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Potentially useful table of transfer admit GPAs and rates by major and campus

ucbalumnusucbalumnus Registered User Posts: 61,597 Senior Member
edited May 2016 in UC Transfers
http://www.universityofcalifornia.edu/infocenter/transfers-major

It may help future transfer students aiming for UCs to estimate realistic expectations of admission results.
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Replies to: Potentially useful table of transfer admit GPAs and rates by major and campus

  • uctransfer16uctransfer16 Registered User Posts: 123 Junior Member
    This is great, thanks!
  • yakattakyakattak Registered User Posts: 79 Junior Member
    Good stuff. I wonder why the enroll GPA range typically starts lower than the admit GPA range. Could it be that some low GPA students enroll from the waitlist and are not considered admits?
  • mikemacmikemac Registered User Posts: 9,488 Senior Member
    I wonder why the enroll GPA range typically starts lower than the admit GPA range
    My thought is this reflects student choice. Students typically apply to many UCs. The ranges shown are the 25th-75th percentile. Those in the higher end at less selective UCs are more likely to get accepted at and enroll at more selective UCs, this isn't true for those in the bottom end of the spectrum. So lop off some higher-GPA students and the average falls. At Cal and UCLA the dropoff in GPA looks small for most majors.
  • yakattakyakattak Registered User Posts: 79 Junior Member
    Oh yeah, I didn't notice that it was the 25th to 75th percentile range. Makes perfect sense now.
  • ucbalumnusucbalumnus Registered User Posts: 61,597 Senior Member
    edited May 2016
    The enrolled range of GPA is commonly lower than the admitted range of GPA because the admits at the higher end of the range are more likely to have other admission offers from comparably or more selective schools, so their yield tends to be lower (students are more likely to pick one of the more selective schools that admitted them).
  • Raftar94Raftar94 Registered User Posts: 7 New Member
    edited May 2016
    Though I believe this info to be very useful, I just want to point out that there are always exceptions.

    If you're a student and feel discouraged, I highly recommend you still apply to schools well outside your GPA range.

    As anecdotal evidence, this year I got into Berkeley for EECS. It has a 3.88-4.0 GPA range. I have a 3.67. When applying I had initially not included Cal, until my mom forced me to apply to it. I know the fee is $75 but it's well worth the shot.

    Don't rely or expect to get in, but certainly don't exclude yourself.


    Edit: great find @ucbalumnus
  • laccstudentlaccstudent Registered User Posts: 197 Junior Member
    @Rftar94 if you don't mind me asking, what was your Major GPA?
  • Raftar94Raftar94 Registered User Posts: 7 New Member
    edited May 2016
    @laccstudent 4.0

    My overall was pulled down from classes unrelated to my major that were still uc transferable.
  • laccstudentlaccstudent Registered User Posts: 197 Junior Member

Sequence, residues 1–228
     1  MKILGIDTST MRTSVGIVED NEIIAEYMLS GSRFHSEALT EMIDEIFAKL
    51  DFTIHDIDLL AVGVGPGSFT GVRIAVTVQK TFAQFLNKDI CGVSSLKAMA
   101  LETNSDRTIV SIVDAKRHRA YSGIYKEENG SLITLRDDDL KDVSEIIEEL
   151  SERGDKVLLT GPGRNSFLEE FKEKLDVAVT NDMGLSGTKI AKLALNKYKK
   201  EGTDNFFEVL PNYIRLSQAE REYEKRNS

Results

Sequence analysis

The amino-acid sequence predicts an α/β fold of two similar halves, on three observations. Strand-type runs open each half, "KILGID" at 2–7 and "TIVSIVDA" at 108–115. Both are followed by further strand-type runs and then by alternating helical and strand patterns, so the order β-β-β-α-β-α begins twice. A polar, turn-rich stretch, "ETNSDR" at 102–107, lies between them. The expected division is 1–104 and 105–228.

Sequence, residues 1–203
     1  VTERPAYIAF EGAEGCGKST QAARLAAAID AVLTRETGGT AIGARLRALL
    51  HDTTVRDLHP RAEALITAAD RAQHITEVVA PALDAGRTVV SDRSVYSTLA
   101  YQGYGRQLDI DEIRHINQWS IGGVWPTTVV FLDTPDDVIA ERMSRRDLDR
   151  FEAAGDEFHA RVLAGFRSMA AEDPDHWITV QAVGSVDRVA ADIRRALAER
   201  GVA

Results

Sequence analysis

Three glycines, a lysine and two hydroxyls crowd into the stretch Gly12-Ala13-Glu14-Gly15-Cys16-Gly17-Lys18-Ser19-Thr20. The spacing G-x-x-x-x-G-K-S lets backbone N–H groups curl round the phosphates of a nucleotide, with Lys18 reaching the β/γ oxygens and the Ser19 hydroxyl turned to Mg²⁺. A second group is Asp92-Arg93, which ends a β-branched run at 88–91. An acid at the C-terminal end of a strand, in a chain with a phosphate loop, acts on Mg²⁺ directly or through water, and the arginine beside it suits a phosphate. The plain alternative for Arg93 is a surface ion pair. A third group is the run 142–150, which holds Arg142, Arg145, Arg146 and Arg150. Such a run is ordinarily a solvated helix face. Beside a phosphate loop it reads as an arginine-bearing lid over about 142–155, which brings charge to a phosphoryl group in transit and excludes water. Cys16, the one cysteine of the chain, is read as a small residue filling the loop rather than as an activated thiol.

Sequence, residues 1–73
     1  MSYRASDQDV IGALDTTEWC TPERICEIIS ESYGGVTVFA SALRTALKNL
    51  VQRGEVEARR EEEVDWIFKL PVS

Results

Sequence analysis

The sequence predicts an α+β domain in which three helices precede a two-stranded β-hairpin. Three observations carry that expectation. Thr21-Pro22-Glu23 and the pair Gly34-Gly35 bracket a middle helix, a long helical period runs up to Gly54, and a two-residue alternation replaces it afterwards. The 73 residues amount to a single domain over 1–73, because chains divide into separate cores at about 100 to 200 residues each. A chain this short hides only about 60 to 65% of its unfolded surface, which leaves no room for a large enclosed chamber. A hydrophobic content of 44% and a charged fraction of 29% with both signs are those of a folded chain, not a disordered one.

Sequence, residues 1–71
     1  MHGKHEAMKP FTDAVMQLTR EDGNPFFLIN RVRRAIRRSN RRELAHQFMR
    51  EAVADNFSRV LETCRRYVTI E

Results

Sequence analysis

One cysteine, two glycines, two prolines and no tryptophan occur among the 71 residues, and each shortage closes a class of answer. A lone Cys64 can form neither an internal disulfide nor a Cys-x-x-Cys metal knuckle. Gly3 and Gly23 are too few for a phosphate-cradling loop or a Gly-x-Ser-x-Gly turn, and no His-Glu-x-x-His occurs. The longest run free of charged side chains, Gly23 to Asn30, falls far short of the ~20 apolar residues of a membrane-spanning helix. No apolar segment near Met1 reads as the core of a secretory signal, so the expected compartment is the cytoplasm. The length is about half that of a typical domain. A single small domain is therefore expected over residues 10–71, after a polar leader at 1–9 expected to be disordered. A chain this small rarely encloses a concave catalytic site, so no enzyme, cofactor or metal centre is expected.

@raftar94 ah, that's why. I think EECS weighs more on your Major GPA than overall. Getting all A's in those major requirements is impressive :)
  • ucbalumnusucbalumnus Registered User Posts: 61,597 Senior Member
    edited May 2016
    Having a GPA below the lower end of the 25th-75th percentile range just means that you should consider that campus and major to be a reach. After all, 25% of admits had GPA below the 25th percentile, so there is a chance, but not as good a chance compared to having a higher GPA relative to the 25th-75th percentile range. Of course, things like grades in major prerequisites and essays count as well.
  • ergergeigrgergergeigrg Registered User Posts: 6 New Member
    what happens if you go over 90 units? can you still transfer?
  • Orangered123Orangered123 Registered User Posts: 525 Member
    If they've all been taken at a California community college, than yes. If even part of the units have been taken elsewhere things are a bit complicated.
  • otoribashiotoribashi Registered User Posts: 505 Member
    To answer someone's question about enroll GPAs being lower than admit GPAs

    I think those with high admit GPAs probably got accepted to better schools and went elsewhere, while a UC was a good enough goal for the ones with relatively lower admit GPAs

    3.9 gpa gets accepted to UCB, UCLA, Cornell, some other Ivys, ect. Well of course they will probably go to the better school. That and they may receive more aid at other schools, especially privates.

    while UCLA/Cal were probably only the highest schools a 3.6 or 3.7 could get into and of course they would attend there if that's their best option.

    Those with higher GPAs have better options elsewhere, I'd imagine. Plus they might get some merit scholarships or something at a private.
  • doihaveashot2016doihaveashot2016 Registered User Posts: 252 Junior Member
    This is super helpful, thank you!!
  • GiantflossGiantfloss Registered User Posts: 11 New Member
    when will the 2016 year be included? and what does yield rate mean?
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